At the Midnight Drags we watched Little make 5.69 runs all night long on the eighth-mile. On quarter-mile blasts, Small says the little Corvette will just as consistently run high-8-second times.

"It is so much fun to drive," he says. "The way it is set up, it drives straight down the track like it's on a rail. That's a good thing because I can get some volunteer help if I need it, but a lot of times I'm just out here by myself. For the Midnight Drags, I spent more time polishing the car than I did working on it. All I did was check the air in the tires, keep fuel in it, and make passes. I don't fool with that motor, all I do is make pass after pass and run the same number. I didn't even pull a valve cover all weekend. When I got back home with the car in the shop, I did pull the valve covers to check the lash, and every rocker was right where it should be.

"That's what makes drag racing fun for me," he adds. "I enjoy the people at the track—well, most of them, anyway. And I enjoy driving the car. I'm not trying to set the world on fire, but I do enjoy winning some races. I'm just an old guy coming out here to have some fun."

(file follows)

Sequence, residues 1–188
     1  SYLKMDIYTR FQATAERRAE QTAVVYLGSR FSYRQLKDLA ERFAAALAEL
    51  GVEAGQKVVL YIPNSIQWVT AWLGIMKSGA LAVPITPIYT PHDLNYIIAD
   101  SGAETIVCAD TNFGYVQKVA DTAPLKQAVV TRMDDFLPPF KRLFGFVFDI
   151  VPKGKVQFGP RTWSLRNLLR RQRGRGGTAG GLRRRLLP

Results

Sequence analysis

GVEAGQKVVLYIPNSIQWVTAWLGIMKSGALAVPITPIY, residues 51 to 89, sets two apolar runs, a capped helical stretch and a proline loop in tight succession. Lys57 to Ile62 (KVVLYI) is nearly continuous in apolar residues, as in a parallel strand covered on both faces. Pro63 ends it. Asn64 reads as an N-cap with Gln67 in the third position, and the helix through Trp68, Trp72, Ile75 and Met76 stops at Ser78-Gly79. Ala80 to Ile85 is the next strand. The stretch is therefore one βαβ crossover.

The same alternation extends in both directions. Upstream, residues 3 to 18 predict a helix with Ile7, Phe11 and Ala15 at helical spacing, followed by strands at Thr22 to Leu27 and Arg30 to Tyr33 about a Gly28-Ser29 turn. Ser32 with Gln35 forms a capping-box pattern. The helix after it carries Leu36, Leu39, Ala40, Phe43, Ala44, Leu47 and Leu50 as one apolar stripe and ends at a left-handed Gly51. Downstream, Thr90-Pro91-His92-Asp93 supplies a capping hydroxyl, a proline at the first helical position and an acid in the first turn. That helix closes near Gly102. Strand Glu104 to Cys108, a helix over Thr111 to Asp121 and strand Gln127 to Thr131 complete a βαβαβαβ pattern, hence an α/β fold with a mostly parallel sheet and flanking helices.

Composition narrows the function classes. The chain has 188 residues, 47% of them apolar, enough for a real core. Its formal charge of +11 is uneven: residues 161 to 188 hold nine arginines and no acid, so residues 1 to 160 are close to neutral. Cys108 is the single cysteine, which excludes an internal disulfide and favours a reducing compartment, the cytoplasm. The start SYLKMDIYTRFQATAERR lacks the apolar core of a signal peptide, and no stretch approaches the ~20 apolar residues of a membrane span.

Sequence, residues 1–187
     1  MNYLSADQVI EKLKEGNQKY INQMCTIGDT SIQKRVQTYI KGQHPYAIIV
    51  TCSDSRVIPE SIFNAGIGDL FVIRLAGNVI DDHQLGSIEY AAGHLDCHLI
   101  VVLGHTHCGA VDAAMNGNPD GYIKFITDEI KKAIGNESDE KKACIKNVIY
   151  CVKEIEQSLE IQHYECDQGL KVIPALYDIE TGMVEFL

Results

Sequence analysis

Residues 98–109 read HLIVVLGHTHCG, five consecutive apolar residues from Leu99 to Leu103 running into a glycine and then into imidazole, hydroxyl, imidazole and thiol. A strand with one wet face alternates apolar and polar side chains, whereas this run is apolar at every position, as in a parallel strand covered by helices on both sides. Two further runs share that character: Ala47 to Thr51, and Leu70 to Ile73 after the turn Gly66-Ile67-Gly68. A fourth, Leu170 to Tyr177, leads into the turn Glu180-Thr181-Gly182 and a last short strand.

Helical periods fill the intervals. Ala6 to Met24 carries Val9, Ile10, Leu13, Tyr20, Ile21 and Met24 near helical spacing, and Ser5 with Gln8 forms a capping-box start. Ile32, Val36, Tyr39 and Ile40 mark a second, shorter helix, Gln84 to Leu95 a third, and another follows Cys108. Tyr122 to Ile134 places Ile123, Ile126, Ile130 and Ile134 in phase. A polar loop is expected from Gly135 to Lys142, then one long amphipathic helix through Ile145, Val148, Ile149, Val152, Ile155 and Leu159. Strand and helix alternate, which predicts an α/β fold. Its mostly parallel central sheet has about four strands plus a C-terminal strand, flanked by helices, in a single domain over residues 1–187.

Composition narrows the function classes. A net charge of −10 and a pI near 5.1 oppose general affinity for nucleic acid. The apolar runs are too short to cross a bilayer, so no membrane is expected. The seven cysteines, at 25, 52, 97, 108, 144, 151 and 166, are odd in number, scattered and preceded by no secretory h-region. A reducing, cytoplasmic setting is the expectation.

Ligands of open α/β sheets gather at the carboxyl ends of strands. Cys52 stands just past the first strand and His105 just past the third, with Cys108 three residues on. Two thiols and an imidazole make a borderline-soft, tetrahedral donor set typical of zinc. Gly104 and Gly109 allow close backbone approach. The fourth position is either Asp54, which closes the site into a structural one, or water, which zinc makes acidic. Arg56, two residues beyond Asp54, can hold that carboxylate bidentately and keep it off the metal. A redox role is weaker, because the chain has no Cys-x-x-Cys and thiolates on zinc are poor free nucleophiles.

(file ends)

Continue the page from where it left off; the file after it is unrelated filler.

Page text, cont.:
Tech Notes

Who: Jack Small

What: 1965 Chevrolet Corvette

Where: Owensboro, KY

Engine: The 509ci big-block was originally built by Reher Morrison and recently refreshed by Laws Mayfield out of Kentucky. It is built around a Dart block with a Scat crankshaft, Manley connecting rods, and Ross pistons making 14:1 compression. The cylinder heads are Dart Pro1s that Mayfield has ported and polished, and they are assembled with Manley valves and Jesel shaft rockers. Naturally aspirated with a Sniper single-plane intake and a Holley 1,050-cfm carb, this rat made 945 hp on the engine dyno.

Chassis: Matt Wright of BRC custom-built the chassis for performance and figured out how to set the Corvette body on top and make it all fit. Small says it is basically a Pro Stock race car with a true stock body on top. The car has been tubbed and a full rollcage installed, but from the outside the body appears untouched. Not only do the doors still open and close, they also contain the original glass and will even roll up and down.

Transmission/Rear End: If you think yanking the handles of a four-speed Lenco transmission on a wide-open-throttle pass must be about the most fun in the world, Small says you are, in fact, correct. Out back, a fabricated Moser 9-inch is built with 35-spline axles and 4.86 gears.

Interior: All the requisite racing safety gear is in place. That includes a fire bottle, Jegs belts, and AutoMeter gauges along with a full rollcage. But what we love is how much of this car is absolutely original. That even includes the very same headliner that was installed on the assembly line all the way back in 1965.